The strand two grant will be used to expand its already growing community and scale up the platform. They will use a co-design approach to design and develop a platform that will scale exponentially and offer a world-class digital experience for its users without proportional staff and costs. The aim of this project is for GoodGym to move from 50,000 volunteer hours in 2019 to 250,000 in 2022, by way of working with runners, walkers and partner organisations to expand both the volunteer base and the range of opportunities.

Wag and Company

All aspects of the organisation’s service delivery are managed online and the service has expanded rapidly since its small pilot in 2016. Funding is being used to build upon and adapt the organisations digital infrastructure so that the digital service can be self-sustaining.


Carers

Carefree

This strand two funding will be used to scale up the current beta product to become a service that can grow exponentially over time — optimising the service in line with user testing and data-driven development.


Sex workers

National Ugly Mugs

National Ugly Mugs was granted funding to scale up a care and safety platform for sex workers and extend digital services that enable sex workers to report violence as it happens, and to create new and enhanced features on the organisation’s platform. This includes an app used for dissemination of alerts that also provides a searchable database for geo-specific support and amenities.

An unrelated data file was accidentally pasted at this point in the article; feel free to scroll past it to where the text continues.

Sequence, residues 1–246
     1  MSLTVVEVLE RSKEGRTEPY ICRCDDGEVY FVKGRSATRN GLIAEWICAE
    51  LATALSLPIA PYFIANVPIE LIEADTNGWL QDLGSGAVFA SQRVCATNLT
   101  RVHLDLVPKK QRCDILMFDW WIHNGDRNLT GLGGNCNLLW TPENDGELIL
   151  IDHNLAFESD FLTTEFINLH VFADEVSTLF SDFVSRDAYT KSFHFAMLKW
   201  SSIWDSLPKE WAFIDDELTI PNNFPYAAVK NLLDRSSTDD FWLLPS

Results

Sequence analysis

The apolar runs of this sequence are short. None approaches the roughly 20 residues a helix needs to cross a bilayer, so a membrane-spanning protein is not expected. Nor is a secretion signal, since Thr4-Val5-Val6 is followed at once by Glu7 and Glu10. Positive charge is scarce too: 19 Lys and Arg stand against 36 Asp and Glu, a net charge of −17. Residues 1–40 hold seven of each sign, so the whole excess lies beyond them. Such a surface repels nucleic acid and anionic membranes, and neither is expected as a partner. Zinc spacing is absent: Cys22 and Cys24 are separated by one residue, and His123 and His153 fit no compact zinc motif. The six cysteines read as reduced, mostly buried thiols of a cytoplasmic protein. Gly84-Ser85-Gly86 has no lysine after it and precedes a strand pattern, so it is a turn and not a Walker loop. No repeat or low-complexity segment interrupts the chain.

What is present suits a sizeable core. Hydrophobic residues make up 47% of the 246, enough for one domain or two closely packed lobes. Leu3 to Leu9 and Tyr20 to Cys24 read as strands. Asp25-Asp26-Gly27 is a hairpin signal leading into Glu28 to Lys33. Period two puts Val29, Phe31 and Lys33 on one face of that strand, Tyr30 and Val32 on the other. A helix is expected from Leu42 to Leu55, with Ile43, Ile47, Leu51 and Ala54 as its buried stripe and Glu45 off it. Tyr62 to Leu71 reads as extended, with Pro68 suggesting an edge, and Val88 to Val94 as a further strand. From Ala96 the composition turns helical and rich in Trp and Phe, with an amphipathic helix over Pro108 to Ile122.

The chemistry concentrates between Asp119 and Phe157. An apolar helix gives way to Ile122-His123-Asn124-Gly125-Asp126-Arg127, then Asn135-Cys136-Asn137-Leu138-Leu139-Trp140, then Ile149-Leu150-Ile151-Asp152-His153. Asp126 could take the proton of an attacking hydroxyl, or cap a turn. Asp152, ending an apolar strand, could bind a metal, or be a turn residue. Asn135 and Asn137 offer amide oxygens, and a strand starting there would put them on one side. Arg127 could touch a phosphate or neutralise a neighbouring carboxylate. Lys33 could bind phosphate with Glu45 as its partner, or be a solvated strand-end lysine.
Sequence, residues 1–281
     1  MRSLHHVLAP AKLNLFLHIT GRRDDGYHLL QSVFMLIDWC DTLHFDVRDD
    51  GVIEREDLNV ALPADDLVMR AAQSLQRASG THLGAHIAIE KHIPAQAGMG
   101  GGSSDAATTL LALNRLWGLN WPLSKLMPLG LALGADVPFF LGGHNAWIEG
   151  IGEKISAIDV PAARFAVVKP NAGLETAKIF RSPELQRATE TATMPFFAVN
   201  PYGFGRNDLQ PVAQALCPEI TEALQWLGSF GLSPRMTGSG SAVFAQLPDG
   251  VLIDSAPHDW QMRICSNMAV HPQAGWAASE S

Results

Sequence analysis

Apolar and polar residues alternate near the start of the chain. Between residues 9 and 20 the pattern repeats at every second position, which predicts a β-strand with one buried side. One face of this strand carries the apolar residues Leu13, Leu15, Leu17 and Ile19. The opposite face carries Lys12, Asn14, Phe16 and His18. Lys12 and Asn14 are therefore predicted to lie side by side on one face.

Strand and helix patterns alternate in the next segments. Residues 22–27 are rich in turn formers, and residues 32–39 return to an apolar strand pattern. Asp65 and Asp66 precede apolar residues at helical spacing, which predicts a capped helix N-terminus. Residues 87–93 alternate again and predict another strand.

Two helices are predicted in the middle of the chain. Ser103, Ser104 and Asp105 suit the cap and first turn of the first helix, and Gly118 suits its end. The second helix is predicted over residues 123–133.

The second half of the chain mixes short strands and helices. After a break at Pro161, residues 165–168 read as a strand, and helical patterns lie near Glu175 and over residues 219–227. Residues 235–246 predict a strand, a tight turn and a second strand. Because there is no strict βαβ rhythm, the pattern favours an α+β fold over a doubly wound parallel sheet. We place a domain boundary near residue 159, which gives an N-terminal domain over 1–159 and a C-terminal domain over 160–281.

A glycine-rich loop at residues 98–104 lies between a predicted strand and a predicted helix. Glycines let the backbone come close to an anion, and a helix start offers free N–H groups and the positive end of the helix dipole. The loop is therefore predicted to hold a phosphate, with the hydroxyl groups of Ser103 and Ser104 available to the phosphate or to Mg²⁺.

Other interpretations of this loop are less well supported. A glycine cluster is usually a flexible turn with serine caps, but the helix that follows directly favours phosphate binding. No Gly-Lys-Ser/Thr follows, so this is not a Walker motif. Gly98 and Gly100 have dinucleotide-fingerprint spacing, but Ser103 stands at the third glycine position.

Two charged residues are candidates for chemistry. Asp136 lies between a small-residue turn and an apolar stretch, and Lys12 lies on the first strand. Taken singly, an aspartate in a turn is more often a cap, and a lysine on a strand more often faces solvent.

Sexual Health

SH:24

This strand two funding is to further develop and scale the successful SH:24 Discuss forum which currently supports nearly 50,000 users to independently manage their sexual health.


Food

Open Food Network

Strand two funding is being used to scale the platform and do three things: develop OFN’s user base via community building and developing the platform to meet the needs of the community, develop onboarding experiences that allow faster and better supported onboarding, and remove barriers in the usability of OFN.


Mental Health

Grassroots Suicide Prevention

In 2014, GSP created an app called Staying Alive which has now been downloaded over 100,000 times across the UK. The app provides a resource of suicide prevention resources — e.g. self-help methods, crisis phone numbers, etc. GSP is using the strand two funding to scale the app and target hard-to-reach groups, and bring external digital expertise inside the organisation.


Don’t forget, the exciting thing is to see this cohort as an ecosystem, and over the course of the next year, I will be adding to this map as connections grow, resources and solutions are shared, and projects develop. Over the course of next year, I will be hosting events and publishing more blogposts on what we are learning at the Digital Fund, alongside those of my brilliant colleagues, Melissa Ray, Beth Bell and Cassie Robinson.

If you are interested in what we are doing or finding out more about our approach and attending any of our events, please reach out at Phoebe.Tickell@TNLCommunityFund.org.uk.

The Digital Fund

Learning & Insight from The National Lottery Community Fund’s Digital Fund team.

Phoebe Tickell

Written by

Genetic engineer turned decentralized network evangelist. Member at #Enspiral. Fellow at #NewspeakHouse. Cofounder #FutureFarmLab and #TechForHumanity.

The Digital Fund

Learning & Insight from The National Lottery Community Fund’s Digital Fund team.